Harald spent the following days in Sälen before moving to Prince Carl Bernadotte's home in Frötuna on 16 April. On 26 April the group moved to Drottningholm in Stockholm. King Gustaf V has been accounted to have had an amicable relationship with his Norwegian guests, but the topic of the war in Norway was not to be raised. However, influential Swedish politicians, including Minister of Justice Westman, wanted the Crown Princess and Prince Harald to be sent back to Norway so he could be proclaimed King by the Germans.[1][2] After the King and Crown Prince had to leave Norway on 7 June they felt Sweden might not be the best place for the rest of the family, and started planning for them to go to the United States. On 17 August the Crown Princess and her children left for the United States from Petsamo, Finland, aboard the United States Army transport ship American Legion.[1]

Harald and his mother and sisters lived in Washington, D.C. during the war,[3] while his father, Crown Prince Olav, and his grandfather, King Haakon, stayed in London with the Norwegian government-in-exile. One of the notable events he remembers from that time is standing behind Franklin D. Roosevelt when he was sworn in for his fourth term on the South Portico of the White House in 1945. Such childhood experiences are reflected in a trace of an American accent when he speaks English.[4] The Doris Kearns Goodwin book No Ordinary Time: Franklin and Eleanor Roosevelt and the Home Front in World War II contains a picture of the King (then Prince) playing with FDR's dog, Fala, on the North Lawn of the White House in 1944.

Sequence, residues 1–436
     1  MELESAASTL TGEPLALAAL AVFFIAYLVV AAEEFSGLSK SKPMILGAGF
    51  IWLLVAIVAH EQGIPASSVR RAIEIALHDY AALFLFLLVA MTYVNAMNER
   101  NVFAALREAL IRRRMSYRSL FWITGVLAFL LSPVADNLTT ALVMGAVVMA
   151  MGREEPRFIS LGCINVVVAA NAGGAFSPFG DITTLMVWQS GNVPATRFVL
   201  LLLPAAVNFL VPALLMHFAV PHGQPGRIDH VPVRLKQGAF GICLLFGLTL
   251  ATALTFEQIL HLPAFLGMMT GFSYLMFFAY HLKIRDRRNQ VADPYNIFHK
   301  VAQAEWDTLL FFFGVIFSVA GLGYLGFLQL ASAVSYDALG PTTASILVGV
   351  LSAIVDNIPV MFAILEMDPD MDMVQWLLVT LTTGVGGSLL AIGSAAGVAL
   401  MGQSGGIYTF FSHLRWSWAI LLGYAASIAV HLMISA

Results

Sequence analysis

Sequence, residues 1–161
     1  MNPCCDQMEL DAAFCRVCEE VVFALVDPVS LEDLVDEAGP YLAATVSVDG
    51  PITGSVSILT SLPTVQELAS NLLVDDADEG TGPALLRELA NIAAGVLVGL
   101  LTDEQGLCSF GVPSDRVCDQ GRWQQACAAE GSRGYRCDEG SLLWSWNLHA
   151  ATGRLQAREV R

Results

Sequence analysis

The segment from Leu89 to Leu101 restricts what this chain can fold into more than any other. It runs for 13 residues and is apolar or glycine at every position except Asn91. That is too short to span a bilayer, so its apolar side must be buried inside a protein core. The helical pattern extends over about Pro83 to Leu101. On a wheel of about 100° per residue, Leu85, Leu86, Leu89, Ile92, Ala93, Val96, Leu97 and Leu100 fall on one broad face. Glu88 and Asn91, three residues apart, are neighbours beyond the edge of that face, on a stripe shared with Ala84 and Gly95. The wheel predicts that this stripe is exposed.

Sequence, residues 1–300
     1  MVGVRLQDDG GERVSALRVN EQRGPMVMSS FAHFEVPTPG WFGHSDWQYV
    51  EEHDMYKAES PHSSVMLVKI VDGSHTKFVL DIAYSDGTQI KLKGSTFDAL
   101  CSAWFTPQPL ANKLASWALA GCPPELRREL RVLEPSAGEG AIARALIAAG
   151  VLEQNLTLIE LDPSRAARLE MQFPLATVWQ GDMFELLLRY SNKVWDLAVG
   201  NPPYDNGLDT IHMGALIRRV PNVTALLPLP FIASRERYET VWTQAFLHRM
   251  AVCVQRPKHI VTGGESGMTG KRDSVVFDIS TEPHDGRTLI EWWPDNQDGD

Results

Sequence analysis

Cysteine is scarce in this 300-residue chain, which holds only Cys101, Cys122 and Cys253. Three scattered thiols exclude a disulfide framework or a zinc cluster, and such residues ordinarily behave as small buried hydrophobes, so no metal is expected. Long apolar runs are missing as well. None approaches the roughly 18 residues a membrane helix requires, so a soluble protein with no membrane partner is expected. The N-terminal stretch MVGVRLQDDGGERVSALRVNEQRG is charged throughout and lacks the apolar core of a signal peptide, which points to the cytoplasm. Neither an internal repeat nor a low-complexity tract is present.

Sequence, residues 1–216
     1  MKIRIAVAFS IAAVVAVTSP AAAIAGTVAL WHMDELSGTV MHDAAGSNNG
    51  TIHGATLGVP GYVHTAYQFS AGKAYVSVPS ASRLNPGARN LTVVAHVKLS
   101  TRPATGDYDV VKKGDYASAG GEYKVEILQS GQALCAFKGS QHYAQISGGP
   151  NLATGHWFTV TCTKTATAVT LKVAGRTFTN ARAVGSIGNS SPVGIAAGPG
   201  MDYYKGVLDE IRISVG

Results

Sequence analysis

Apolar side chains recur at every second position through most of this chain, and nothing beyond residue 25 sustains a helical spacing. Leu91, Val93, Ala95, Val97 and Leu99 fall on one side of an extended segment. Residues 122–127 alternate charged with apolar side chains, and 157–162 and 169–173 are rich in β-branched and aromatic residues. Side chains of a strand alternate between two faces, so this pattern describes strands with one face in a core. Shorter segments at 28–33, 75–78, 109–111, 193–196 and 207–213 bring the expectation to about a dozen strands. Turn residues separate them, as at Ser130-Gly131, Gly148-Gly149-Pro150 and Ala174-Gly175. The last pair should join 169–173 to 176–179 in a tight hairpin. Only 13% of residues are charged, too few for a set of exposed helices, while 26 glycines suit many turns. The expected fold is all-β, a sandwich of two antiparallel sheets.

Harald visited Norwegian servicemen training in the United States. The prince also made visits outside America, travelling north to visit Norwegian personnel at the training base "Little Norway" in Ontario, Canada. He attended The White Hall Country School from 1943. Prince Harald returned to Norway with his family at the war's end in 1945.


In the autumn of 1945 he was enrolled in third grade of Smestad skole as the first member of the royal family to attend public school. Amidst this, in 1954 tragedy struck as he lost his mother to cancer and 4 years later in 1958 he would lose his maternal grandmother Princess Ingeborg of Denmark.

Crown prince

In 1955 he graduated from Oslo katedralskole and in the autumn of that year, Harald began studies at the University of Oslo. He later attended the Cavalry Officers' Candidate School at Trandum, followed by enrolment at the Norwegian Military Academy, from which he graduated in 1959. While a student at the academy, he was given the title Crown prince in 1957. Harald attended the Council of State for the first time on 27 September 1957 and took the oath to the Constitution of Norway on 21 February 1958. In the same year, he also served as regent in the King's absence for the first time.